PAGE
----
Big Data is everywhere these days. Its latest frontier is the humble washroom. Just about all of us at some point have been caught short using public facilities in restaurants, hotels or airports with either a lack of soap, toilet rolls or paper towels. Austrian hygiene company, Hagleitner, is using the Internet of Things to make that a thing of the past.
The company’s senseMANAGEMENT solution (HAGLEITNER senseMANAGEMENT – washroomHYGIENE – Products – Hagleitner) includes intelligent sensors equipped with an integrated radio frequency system, which counts every soap, disinfectant and towel release. Information, such as dispenser fill levels, battery status and the number of disposals is sent to a web-based central site and made available to facility managers 24×7 for easy access on their smart phones or tablets. This means cleaning staff are kept informed at all times about which refills are required where, increasing customer service levels and saving time, particularly in large sites, such as hotels, hospitals or across multiple sites in fast food chain restaurants.
The immense volumes of data are all managed by SAP HANA. To me, Hagleitner is a great example of a company that’s re-envisioned its entire business model by harnessing big data, and seeing the art of the possible. They used to sell paper and cleaning products. Now they sell expertise.
The company has created mathematical models that are revolutionising washroom resource planning. They’re now able to help customers match supply and demand, save storage space, optimise logistics and deployment of personnel – including specific routes cleaning staff should take, and the ability for maintenance and personnel to be scheduled individually depending on demand – as well as reduction of carbon emissions with just in time delivery and predictive planning and reduced inventory.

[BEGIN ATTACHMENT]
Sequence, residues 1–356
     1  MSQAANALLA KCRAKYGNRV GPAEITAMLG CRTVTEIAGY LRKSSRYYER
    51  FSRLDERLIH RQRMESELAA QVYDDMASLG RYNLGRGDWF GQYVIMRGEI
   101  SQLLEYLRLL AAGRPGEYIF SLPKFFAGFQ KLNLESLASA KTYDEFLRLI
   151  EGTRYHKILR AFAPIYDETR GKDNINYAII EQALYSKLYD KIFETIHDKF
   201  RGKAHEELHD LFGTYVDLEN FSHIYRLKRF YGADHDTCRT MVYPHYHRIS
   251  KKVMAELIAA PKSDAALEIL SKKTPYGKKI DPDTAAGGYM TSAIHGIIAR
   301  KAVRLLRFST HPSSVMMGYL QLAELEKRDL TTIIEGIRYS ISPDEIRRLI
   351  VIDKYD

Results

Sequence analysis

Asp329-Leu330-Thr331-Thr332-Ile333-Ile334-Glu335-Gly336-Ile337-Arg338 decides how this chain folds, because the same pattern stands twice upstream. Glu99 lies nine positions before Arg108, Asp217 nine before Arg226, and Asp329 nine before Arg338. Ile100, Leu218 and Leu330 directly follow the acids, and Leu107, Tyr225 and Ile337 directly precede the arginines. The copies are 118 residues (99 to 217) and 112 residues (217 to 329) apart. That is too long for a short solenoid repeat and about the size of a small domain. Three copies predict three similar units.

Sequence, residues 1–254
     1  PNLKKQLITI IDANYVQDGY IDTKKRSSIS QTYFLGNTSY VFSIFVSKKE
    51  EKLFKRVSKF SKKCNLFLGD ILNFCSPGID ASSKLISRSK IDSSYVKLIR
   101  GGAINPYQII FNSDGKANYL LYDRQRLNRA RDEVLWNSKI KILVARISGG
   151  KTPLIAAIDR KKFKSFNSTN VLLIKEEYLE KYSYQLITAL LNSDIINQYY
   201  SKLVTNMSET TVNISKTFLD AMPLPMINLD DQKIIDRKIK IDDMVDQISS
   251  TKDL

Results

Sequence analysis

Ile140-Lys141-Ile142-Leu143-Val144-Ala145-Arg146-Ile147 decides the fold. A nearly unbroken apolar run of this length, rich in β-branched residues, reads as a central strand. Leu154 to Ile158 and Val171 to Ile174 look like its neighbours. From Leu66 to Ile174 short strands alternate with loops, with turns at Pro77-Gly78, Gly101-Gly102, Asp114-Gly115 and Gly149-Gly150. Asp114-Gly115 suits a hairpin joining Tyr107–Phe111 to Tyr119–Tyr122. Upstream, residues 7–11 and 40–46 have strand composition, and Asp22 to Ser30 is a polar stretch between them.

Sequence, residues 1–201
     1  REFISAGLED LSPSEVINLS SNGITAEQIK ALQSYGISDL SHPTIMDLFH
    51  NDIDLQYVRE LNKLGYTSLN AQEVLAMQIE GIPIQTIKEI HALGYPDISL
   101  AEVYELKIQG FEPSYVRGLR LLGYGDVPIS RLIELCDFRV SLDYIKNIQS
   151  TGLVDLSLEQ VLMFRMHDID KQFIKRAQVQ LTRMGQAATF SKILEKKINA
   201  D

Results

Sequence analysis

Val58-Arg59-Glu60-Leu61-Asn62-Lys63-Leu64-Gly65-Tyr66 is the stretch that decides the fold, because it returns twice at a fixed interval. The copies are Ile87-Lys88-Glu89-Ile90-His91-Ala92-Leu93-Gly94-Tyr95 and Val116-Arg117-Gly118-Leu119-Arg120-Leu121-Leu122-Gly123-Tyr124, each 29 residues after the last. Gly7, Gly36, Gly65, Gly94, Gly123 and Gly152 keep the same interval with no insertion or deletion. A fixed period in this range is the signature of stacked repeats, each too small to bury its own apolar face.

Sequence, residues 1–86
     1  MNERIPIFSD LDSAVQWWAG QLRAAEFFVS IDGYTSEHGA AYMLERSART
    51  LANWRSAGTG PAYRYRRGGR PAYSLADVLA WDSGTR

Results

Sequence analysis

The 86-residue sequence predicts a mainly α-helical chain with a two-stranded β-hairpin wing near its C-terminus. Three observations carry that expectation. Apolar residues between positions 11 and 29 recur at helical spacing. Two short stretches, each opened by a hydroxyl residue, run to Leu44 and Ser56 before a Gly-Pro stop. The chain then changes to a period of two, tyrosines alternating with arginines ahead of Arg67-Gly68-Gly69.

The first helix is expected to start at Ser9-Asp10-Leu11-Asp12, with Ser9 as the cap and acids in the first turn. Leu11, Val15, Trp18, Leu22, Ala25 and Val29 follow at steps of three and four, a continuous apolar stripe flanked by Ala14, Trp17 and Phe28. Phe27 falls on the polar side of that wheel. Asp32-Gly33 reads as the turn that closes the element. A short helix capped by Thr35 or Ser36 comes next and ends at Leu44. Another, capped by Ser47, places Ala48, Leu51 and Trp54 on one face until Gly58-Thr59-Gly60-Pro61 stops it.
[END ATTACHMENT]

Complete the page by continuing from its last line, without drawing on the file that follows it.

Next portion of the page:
One of their most high profile examples is the Berlin Olympic Stadium. More than 50,000 fans attended the Germany vs. Argentina World Cup match. When the whistle blew at half time, real time updates kept the multiple washrooms stocked thanks to what Hagleitner calls its “Big Washroom Data”.
Embedded sensors in public washrooms and the Internet of Things means this not only saves time and money but also intelligently manages compliance issues for healthcare and streamlines fulfilment through supply chain and product ordering systems.
It adds up to a lot of data. Fast food restaurants generate just 45 MB of data per day, but larger companies and hospitals have to handle much greater volumes. A single dispenser, for example, transmits 27 measurements, alongside time data, the location of the device and the customer name. The amalgamated data from all of its customers is in the region of a terabyte. Analysis of this data gives Hagleitner answers to big picture questions – not just individual orders.
One of the things I like most about this example is Hagleitner’s vision in thinking differently. When the company first shared its ideas, customer feedback was less than enthusiastic. In fact, most customers were unconvinced that it was even worth putting any sort of advanced technology into something as mundane as a washroom. But despite their reactions, the company could see the potential for networked systems and value added services.
More than 100 registered patents later, it has now set the global standard in hospitals, operating theatres, cruise ships, airports, fast food restaurant chains, and some of the world’s major sporting arenas to name but a few. And the company itself has achieved its own long term goal of knowing how much disinfectant and how many dispensers to produce – just by thinking differently. Ask yourself, what could you achieve in your own organisation with that sort of mindset?
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